Course:Law3020/2014WT1/Group N/Separation Thesis
Legal Separation Thesis and the Morality of Law
Theorist: H.L.A. Hart- Separation Thesis
- Law and morality are separate systems.
- A valid law depends upon the buy in of the public it governs, but also the buy in of the actors of the legal system such as judges, lawyers, police officers, etc.
- If these actors do not enforce these laws and more importantly do not psychologically believe that they should be enforced, the laws will begin to lose what makes them laws, and instead become rules.
What Judges Do:
Laws are general in nature and have a “settled core meaning” that will cover the majority of facts arising in different cases. In circumstances where the law does not fully cover the facts that judges begin to play an active role. This is what it known as the penumbra."
For the cases found in the penumbra, judges do not apply their own moral standard and instead use “terms of the rule governed practice.” (as opposed to John Austin who believes that judges are just the mere implementers of law and get their power only from legislatures)
- These terms are a consistent set of principles and values of the legal system.
- In Canadian law, judges understand the Charter as embodying the terms of our rule governed practice.
Hart’s Analysis to the Judicial Decisions of the case: Do the facts of this case fall within the meaning of liberty as defined in s.7 and s. 2(a) of the Charter?
Lamer & La Forest: This case presents itself as a penumbra, with the parent’s bringing the action that the Child Welfare Act infringes upon their Charter rights. While La Forest states that the Act does infringe upon section 7 rights to liberty, the overall Act is saved by section 1. Lamer concludes that the Act does not infringe upon Charter rights. Using the analogy of an eclipse; the facts of the case can be seen as the sun and the Act as the moon. The parents claim that the Act does not completely cover the facts and justify the State taking temporary custody of their child. The infringement to the parent's Charter rights block the Act from fully covering the facts, and creating the "penumbra". The court holds that the Act does not infringe upon the parent’s Charter rights, therefore releasing the Act to cover the facts and allowing the Act to stand.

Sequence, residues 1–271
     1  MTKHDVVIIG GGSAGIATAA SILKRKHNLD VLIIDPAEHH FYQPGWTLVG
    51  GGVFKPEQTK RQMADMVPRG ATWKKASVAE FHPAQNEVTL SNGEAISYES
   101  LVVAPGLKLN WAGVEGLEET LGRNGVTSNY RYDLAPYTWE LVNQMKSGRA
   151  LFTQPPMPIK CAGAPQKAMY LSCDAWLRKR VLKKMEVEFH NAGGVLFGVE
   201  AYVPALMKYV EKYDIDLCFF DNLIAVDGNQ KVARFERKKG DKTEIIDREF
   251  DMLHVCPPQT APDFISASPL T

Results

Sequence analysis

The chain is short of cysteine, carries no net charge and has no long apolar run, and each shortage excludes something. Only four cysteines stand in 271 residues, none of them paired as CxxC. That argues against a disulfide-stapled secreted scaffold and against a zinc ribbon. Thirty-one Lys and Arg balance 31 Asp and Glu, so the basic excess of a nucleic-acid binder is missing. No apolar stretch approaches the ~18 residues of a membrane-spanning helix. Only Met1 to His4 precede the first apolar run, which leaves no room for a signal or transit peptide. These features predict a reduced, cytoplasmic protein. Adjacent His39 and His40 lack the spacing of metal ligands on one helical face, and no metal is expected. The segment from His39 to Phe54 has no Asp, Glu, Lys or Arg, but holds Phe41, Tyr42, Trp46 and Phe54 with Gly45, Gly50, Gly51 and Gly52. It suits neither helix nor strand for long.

Theorist: Lon Fuller
A Response to Hart- Morality of Law
Law and morality are not separate entities. They are connected but they disconnected from the divine.
What Judges Do:
In determining the good that the law is accomplishing, judges have to interrupt both the external morality as well as the internal morality.
- External morality is determined by society’s belief as a whole of what is moral and immoral, what is right and what is wrong.
- Internal morality is the morality that comes from the law. Laws that are capable of being explained. Judicial decisions that are capable of being explained to the public in a coherent, and reasoned fashion are valid moral laws and decisions.
- Judges have a fidelity to the law and a duty to change it if it does not conform to inner morality.
Fuller’s Analysis to the Judicial Decisions of the case:
Lamer decides that the Child Welfare Act does not contradict Charter rights under section 7. Looking at the external morality, society believes that the welfare of the child comes before the parent’s religious belief. Inner morality of the Act is justified by the fact that Lamar can explain and give reasons why the Child Welfare Act does not contravene a parent’s section 7 Charter right to liberty. The law is overall moral because it fits into society’s values regarding the welfare of children and it can be explained and reasoned to the public as to why this is the case.
La Forest decides that the Child Welfare Act does contradict the parent’s Section 7 Charter rights to Liberty but is saved by Section 1's reasonable justification on infringement. Looking at the external morality, La Forest see’s Liberty rights as broad and that parent’s should be able to make decisions for their child for what they believe is in the best interest of said child. He saves the Act via section 1 based on reasonable limits, while society believes that parents should make decisions for their children, the public can also see the value of requiring a basic standard in which all parents must abide. If parents fall below that standard, the state may step in and protect the interests of the child. La Forest can explain this reasonable limit, therefore making the Act moral in the eyes of Fuller.